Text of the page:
Another frequent visitor was a prolific Gourage (province in Ethiopia ) peanuts vendor passing by our house late in the afternoon, consistently at the same time, carrying roasted chick-peas (shimbira) in a big sack; instead of peanuts. He covered his head with shash (mantilla) for protection from the sun. Upon reaching our house he would hawk his product in broken Greek. Eko stragalaki, (I have chick-peas) ena kilo deka selinia (one kilo ten shillings); he was very popular among the Greeks. His chick-peas, very tender and tasteful were a temptation to us kids. My mother always had simouni (25c) aside for him. A polyglot in his way, while ascending the street, he used to change the same version into other languages, depending on the nationality of the next householder; Arabic, Armenian, Italian, Ethiopian (Amharic).  

     Our road was quiet busy; a wave of pedestrians coming from Haile Selassie avenue used it as a short cut to the St. George Cathedral and then to Piazza (center of the city). Looking through the windows of our house I could see all sort of people; women wearing Ethiopian dresses of all kinds, vendors carrying their products wrapped on their heads, hamals bearing goods on their backs; beggars, street kids, prostitutes. Very few cars used this sharp ascent road, as they gasped to drive through. After some cars with defective brakes sliding downwards crashed into nearby walls, rather than going all the way down and end up on the main thoroughfare, it was forbidden to drive the other way. From time to time I could hear the whistle of a policeman chasing a thief from far away. Representing people from all walks of life, our neighborhood was a microcosm of the capital city.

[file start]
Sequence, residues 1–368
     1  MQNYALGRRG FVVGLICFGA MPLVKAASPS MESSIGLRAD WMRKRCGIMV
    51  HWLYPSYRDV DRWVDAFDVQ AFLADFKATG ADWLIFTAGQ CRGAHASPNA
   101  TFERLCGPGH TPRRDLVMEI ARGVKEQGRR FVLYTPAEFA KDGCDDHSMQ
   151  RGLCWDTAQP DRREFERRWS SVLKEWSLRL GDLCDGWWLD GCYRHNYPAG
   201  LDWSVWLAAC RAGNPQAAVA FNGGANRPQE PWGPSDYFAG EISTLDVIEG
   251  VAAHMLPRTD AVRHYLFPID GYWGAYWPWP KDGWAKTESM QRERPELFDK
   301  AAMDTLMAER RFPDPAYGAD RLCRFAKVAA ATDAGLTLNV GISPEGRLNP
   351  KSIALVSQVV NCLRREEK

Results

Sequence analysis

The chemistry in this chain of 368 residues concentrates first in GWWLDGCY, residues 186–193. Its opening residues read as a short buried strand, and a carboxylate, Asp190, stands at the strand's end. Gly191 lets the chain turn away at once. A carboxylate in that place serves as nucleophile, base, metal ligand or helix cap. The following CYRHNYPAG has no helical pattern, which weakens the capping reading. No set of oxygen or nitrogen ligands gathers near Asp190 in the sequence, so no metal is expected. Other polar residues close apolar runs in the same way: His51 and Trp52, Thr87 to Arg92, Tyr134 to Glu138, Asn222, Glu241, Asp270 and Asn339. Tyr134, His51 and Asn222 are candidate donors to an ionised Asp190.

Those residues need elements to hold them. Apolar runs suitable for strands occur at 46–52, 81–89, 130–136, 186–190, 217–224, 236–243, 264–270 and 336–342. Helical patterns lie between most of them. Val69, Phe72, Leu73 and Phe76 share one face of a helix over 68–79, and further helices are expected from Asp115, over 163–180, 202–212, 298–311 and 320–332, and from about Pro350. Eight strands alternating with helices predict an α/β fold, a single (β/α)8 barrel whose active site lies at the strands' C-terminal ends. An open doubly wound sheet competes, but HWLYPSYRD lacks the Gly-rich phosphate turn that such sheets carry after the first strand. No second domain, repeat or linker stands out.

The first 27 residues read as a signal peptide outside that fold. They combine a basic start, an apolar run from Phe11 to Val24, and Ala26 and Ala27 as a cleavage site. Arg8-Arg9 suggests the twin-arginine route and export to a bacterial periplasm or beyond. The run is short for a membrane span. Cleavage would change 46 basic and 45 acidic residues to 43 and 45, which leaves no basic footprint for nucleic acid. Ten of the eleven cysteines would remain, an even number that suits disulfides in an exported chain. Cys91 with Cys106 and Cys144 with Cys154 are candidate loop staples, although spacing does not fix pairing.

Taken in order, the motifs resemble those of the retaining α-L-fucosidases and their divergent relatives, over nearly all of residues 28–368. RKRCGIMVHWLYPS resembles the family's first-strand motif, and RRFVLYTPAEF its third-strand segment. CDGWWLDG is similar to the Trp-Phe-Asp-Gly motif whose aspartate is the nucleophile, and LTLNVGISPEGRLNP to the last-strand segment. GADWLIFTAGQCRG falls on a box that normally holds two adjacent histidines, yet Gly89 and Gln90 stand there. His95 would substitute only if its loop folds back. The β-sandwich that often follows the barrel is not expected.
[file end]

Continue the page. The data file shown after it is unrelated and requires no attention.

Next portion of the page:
Our house, a 2 storey stone building, was built by my father sometime in the mid forties. The land with a smaller house belonged to my mother. In this poverty-stricken country, anyone with property was considered privileged. I once had heard, from a passer-by talking to his friend, that my father built the house from the money he raked by gambling. Whether this was true or not, it served the purpose, as it gave us shelter and income from the rent of the upper floor. During the years that followed the upper floor was rented to various nationalities; a mixture of different people. Among the tenants, I recall a Rumanian dentist, a Greek teacher, a Belgian teacher, a Greek merchant, two Armenians and an Italian grocer. But the tenant who stayed the longest period was Mr. George Polytaridis for almost a decade with his gentle wife, Mrs. Valasia and their two children. I always remember them with great sympathy.